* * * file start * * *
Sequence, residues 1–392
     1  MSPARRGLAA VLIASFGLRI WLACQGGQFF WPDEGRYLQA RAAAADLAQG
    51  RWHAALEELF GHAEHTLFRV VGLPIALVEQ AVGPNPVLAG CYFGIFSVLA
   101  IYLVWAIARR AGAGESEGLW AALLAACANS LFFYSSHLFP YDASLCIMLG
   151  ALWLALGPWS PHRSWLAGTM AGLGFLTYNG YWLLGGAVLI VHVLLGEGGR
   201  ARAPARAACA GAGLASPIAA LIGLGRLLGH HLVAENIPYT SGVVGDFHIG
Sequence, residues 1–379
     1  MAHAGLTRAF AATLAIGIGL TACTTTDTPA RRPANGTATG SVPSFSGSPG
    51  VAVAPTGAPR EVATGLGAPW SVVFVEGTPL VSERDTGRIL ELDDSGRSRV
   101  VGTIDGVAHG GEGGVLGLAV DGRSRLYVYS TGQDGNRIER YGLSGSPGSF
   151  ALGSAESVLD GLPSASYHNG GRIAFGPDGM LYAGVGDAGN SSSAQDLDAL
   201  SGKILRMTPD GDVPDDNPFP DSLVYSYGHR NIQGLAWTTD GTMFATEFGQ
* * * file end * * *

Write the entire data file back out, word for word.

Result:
Sequence, residues 1–392
     1  MSPARRGLAA VLIASFGLRI WLACQGGQFF WPDEGRYLQA RAAAADLAQG
    51  RWHAALEELF GHAEHTLFRV VGLPIALVEQ AVGPNPVLAG CYFGIFSVLA
   101  IYLVWAIARR AGAGESEGLW AALLAACANS LFFYSSHLFP YDASLCIMLG
   151  ALWLALGPWS PHRSWLAGTM AGLGFLTYNG YWLLGGAVLI VHVLLGEGGR
   201  ARAPARAACA GAGLASPIAA LIGLGRLLGH HLVAENIPYT SGVVGDFHIG
Sequence, residues 1–379
     1  MAHAGLTRAF AATLAIGIGL TACTTTDTPA RRPANGTATG SVPSFSGSPG
    51  VAVAPTGAPR EVATGLGAPW SVVFVEGTPL VSERDTGRIL ELDDSGRSRV
   101  VGTIDGVAHG GEGGVLGLAV DGRSRLYVYS TGQDGNRIER YGLSGSPGSF
   151  ALGSAESVLD GLPSASYHNG GRIAFGPDGM LYAGVGDAGN SSSAQDLDAL
   201  SGKILRMTPD GDVPDDNPFP DSLVYSYGHR NIQGLAWTTD GTMFATEFGQ